Art is for the soul. It’s meant to connect people and places to create something bigger than the individuals involved. It’s important that art is accessible and interactive because it helps the soul in ways that nothing else can. Andrea Eckert works to bring out the soul of art, adding life, community and creativity into the lives of others, and making art accessible through her work at Holding House in Detroit.
Holding House was created to be an art studio, but it quickly morphed into a community workspace. Eckert, along with her co-director Adrienne Dunkerley, has taken art and used it to create a space where diversity and community combine to make the community stronger.
The two graduated from Michigan State University and decided to buy a studio space in 2013. As the two women spent the next two and a half years juggling work, family and renovations, the original intent for the studio space changed.
“Holding House came to be as I slowly worked in there and people came around and were curious to see what the building would turn into,” said Eckert. “It was at this point that we decided that the space was really meant to be shared. Since then, we’ve regularly hosted other nonprofit service organizations to partake in workshops centered around the themes of exhibitions we are presenting.”
Holding House and Eckert have worked to provide a new outlet for the community.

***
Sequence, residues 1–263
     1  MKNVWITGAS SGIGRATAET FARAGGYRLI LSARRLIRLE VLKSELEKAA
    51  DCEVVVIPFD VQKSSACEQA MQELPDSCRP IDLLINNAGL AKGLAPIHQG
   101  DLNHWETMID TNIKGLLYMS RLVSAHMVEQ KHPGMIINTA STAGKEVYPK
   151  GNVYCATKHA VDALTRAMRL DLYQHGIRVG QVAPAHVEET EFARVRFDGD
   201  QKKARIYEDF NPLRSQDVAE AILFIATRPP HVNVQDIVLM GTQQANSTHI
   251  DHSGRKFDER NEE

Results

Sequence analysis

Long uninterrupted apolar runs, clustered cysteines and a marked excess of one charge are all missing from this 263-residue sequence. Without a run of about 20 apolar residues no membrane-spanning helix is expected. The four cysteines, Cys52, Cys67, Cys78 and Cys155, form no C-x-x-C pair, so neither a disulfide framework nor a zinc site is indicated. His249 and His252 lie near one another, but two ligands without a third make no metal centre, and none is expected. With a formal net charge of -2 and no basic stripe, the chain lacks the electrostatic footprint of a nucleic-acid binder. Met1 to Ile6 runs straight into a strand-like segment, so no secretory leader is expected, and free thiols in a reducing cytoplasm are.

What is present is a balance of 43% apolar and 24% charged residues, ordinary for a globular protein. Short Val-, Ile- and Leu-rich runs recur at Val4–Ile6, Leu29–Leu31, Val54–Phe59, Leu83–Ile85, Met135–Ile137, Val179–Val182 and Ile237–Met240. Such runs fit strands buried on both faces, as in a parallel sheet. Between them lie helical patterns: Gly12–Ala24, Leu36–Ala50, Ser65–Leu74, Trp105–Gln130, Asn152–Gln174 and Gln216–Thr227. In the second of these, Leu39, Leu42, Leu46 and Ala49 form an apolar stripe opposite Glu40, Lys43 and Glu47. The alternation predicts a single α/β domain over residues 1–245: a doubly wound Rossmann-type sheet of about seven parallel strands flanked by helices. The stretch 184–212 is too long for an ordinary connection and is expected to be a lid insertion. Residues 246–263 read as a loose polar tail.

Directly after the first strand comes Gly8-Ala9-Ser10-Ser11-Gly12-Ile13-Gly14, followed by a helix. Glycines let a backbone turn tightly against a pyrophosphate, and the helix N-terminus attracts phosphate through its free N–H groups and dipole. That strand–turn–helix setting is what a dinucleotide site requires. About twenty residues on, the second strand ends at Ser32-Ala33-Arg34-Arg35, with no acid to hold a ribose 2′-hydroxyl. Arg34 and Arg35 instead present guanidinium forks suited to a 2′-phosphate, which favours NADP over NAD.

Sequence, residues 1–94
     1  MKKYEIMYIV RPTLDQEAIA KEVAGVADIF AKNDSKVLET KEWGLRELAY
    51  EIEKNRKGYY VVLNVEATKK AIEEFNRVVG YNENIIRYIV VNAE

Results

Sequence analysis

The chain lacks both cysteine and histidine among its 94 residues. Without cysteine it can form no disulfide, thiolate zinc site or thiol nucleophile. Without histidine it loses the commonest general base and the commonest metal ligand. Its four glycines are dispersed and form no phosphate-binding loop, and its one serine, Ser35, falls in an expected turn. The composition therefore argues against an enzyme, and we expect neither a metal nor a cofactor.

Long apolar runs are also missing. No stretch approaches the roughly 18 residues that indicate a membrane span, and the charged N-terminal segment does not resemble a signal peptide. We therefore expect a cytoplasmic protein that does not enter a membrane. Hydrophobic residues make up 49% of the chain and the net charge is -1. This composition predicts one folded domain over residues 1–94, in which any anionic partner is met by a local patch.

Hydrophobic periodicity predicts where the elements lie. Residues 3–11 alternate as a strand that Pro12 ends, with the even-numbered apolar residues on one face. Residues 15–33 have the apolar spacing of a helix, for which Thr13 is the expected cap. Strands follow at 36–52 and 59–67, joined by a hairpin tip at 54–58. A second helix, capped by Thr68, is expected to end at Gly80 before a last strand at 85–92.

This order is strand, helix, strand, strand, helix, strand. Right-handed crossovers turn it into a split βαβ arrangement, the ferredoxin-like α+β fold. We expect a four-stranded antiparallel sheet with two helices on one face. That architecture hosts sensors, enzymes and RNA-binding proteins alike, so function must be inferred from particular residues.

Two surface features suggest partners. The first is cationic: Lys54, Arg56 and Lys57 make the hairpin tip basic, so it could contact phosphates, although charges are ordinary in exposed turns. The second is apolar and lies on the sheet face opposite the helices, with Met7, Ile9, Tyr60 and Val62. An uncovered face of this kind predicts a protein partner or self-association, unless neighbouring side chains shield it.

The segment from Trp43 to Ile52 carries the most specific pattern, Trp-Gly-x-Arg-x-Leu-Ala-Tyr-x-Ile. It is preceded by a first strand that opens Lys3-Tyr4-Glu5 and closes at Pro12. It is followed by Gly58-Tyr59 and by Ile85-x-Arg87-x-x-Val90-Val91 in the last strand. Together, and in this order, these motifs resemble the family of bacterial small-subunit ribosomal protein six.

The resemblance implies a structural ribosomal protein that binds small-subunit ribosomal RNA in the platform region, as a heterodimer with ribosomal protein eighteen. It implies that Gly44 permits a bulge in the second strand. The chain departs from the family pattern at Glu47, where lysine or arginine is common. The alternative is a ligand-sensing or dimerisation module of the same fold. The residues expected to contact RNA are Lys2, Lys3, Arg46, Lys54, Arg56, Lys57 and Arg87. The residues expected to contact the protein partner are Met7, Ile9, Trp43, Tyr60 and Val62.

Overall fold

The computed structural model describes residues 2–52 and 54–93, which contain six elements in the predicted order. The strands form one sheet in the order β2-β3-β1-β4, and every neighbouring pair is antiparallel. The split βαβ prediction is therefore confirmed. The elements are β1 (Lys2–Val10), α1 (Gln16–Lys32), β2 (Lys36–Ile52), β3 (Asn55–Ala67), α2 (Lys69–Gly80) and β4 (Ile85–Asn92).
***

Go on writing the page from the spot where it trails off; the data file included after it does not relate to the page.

Eckert said, “Through engaging in workshops, we are introducing high quality art to Detroit community members that would not otherwise get exposure to. The workshops help foster a deeper connection to art-making and creative problem solving as a tool in their own lives.”
Eckert’s favorite experience from her gallery is when Holding House hosted a workshop for the Alternatives for Girls organization. The workshop included having women come look at art with their children alongside the artists that made the art they were experiencing. These types of moments open up a new world to community members and allow them to feel welcome in a space they might not have been before.
Along with being a co-director of Holding House and a mother, Eckert is also an artist herself. She primarily works in printmaking, but she also paints and creates small installations and environments. “I draw inspiration from my daily activities and routines and rhythms in our home,” Eckert said. “There are certain objects that I will connect with and work with for some time.”
Eckert has not just created a home for art within the walls of Holding House — she has created a home for diversity and community. Her work with Holding House has helped a community and multiple generations find and use their voice, as well as a place to let their expressions and feelings be free. Holding House and Eckert are helping to hold a community together.